Lavender (Lavendula vera)

Lavender Identification:
The common narrow-leaved variety, English lavender, is an evergreen, shrubby perennial. It grows 1 to 3 feet high, with a short, but irregular, crooked, many-branched stem, covered with a yellowish-gray bark, which comes off in flakes. The gray-green leaves are opposite, sessile, downy, and lanceolate to oblong.
The lilac-colored, tubular flowers are produced in terminating, blunt spikes from the young shoots, on long stems. The spikes are composed of whorls or rings of flowers, each composed of six to ten flowers, the lower whorls more distant from one another. The flowers themselves are very shortly stalked, three to five together in the axils of brown, thin, dry bracts. The calyx is tubular and ribbed, with thirteen veins, purple-gray in color, five-toothed (one tooth being longer than the others) and hairy; shining oil glands among the hairs are visible with a lens. The majority of the essential oil yielded by the flowers is contained in the glands on the calyx. The two-lipped corolla is of a bluish-violet color.
The fine aromatic smell is found in all parts of the shrub, but the essential oil is only produced from the flowers and flower stalks. English lavender is much more aromatic than the French lavender.
Family: Labiatae (Mint family)
Other Names: English Lavender
Flowers: July – September
Parts Used: Flowers & stems
Habitat: Widespread cultivation throughout the area. Lavender is indigenous to the mountainous regions of the countries bordering the western half of the Mediterranean.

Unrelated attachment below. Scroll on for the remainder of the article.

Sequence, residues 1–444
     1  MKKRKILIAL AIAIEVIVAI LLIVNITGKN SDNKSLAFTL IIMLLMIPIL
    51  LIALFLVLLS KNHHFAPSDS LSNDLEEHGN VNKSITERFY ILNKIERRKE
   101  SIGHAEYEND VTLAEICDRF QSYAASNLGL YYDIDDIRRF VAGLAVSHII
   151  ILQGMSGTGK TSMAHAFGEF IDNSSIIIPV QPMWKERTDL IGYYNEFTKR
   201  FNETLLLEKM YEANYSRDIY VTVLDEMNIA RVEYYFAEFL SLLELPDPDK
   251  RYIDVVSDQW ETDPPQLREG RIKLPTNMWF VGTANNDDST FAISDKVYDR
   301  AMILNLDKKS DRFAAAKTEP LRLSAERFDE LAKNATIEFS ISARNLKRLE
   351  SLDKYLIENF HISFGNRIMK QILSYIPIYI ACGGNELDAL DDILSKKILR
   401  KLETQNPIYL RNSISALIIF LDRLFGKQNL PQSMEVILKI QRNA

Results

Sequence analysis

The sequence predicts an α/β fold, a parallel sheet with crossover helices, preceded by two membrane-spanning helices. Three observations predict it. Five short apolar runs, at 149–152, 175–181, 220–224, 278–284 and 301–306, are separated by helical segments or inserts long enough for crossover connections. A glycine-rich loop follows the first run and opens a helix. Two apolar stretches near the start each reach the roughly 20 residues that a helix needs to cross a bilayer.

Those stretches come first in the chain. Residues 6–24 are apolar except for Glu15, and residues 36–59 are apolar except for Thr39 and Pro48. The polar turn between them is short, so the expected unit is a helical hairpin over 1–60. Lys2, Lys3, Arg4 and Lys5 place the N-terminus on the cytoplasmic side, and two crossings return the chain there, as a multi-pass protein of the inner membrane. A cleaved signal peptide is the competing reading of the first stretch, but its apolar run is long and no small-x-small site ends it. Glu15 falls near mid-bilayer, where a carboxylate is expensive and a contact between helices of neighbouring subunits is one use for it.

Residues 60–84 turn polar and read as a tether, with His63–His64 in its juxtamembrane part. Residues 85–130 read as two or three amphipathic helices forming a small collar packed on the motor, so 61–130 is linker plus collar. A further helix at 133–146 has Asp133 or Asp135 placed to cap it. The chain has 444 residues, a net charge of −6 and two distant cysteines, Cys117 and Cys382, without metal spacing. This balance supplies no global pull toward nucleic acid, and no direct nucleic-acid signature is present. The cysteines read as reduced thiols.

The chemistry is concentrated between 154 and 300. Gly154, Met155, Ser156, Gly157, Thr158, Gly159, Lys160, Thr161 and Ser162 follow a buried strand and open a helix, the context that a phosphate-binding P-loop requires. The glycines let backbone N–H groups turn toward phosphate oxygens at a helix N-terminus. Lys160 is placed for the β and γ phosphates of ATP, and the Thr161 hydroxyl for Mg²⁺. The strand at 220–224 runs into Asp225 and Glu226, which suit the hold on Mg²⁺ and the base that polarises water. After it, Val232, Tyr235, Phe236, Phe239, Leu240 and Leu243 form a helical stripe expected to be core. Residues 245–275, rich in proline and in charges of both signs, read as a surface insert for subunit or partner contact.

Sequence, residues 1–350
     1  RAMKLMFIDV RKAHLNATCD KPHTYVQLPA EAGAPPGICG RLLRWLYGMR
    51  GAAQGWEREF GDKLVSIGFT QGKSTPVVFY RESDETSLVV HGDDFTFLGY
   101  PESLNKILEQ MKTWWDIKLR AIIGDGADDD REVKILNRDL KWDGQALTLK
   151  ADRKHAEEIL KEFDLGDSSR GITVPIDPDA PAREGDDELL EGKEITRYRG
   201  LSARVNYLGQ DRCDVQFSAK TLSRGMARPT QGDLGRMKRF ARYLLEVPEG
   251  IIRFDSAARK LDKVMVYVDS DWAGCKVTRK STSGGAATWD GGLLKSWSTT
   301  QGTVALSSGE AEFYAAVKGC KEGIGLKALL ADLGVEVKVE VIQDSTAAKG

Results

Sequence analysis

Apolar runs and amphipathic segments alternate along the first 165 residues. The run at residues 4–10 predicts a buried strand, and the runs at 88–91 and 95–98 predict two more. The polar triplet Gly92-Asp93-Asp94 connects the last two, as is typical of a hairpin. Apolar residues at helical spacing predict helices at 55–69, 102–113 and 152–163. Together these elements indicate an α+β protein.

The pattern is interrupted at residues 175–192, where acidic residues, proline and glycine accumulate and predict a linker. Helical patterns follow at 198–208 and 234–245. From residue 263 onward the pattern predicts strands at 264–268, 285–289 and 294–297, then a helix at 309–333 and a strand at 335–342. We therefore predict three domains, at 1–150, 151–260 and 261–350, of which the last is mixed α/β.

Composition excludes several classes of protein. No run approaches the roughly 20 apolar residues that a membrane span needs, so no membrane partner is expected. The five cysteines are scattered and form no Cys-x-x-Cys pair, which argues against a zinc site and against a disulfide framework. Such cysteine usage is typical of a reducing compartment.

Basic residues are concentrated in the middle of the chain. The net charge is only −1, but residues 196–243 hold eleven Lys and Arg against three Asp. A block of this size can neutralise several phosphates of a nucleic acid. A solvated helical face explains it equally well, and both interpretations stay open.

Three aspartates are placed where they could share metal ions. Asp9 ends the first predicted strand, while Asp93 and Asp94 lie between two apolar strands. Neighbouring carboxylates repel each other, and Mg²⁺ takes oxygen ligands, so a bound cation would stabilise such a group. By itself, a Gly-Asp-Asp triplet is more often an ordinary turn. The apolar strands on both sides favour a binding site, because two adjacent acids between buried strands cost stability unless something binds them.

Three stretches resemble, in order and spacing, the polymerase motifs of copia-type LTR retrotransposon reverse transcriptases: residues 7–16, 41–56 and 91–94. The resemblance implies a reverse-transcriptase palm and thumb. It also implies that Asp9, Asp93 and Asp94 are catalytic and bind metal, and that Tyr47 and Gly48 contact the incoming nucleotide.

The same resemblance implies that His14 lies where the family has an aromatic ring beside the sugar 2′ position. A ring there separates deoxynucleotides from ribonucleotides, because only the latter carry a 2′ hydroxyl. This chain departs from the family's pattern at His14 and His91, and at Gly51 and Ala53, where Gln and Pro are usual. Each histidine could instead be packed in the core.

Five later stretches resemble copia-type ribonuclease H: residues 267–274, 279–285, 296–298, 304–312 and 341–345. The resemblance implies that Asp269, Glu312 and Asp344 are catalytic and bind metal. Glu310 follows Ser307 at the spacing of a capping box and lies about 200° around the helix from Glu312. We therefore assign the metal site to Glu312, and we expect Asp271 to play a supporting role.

Constituents: Linabol, linalyl acetate, lavendulyl acetate, terpinenol, cineole,
camphor, borneol, pinene, limonene, tannins, flavonoids, triterpenoids
Medicinal Properties:
Properties: Antiseptic, antispasmodic, carminative, cholagogue, diuretic, sedative, stimulant, stomachic, tonic.
Main Uses: Lavender is normally taken or used in the form of an oil derived from the flowers by distillation with water. It is used for migraine headache, fainting, dizziness, nausea, and anxiety. It has also been used for pain, convulsions, inflammation, rheumatism, infection, cramps, intestinal gas, scar tissue, fungal infections, nervous disorders, insect bites, and sunburn. Lavender increases bile production, increases urine flow, encourages the growth of skin cells, releases nasal mucous, promotes and regulates menstrual flow, lowers blood pressure, increases perspiration, prevents tissue degeneration, arrests bleeding in wounds, stimulates white blood cells to affect healing, aids circulation, and strengthens the immune system against bacterial infections.Flower water has been used as a skin toner useful for speeding cell renewal and as an antiseptic for acne.
Dosages:
Infusion: Steep 1 teaspoon lavender leaves in 1/2 cup water. Take 1/2 to 1 cup a day. (Note: Gather the leaves before flowering.) Oil: Take 5 drops on a sugar cube, two times a day.
Lavender Water:
2 cups distilled water
2 oz. vodka
10 to 20 drops essential oil of lavender In a glass jar with a screw-top lid, mix the distilled water and vodka. Add the lavender oil, close, and shake. (Aging will mellow results.) Makes 2-1/2 cups.

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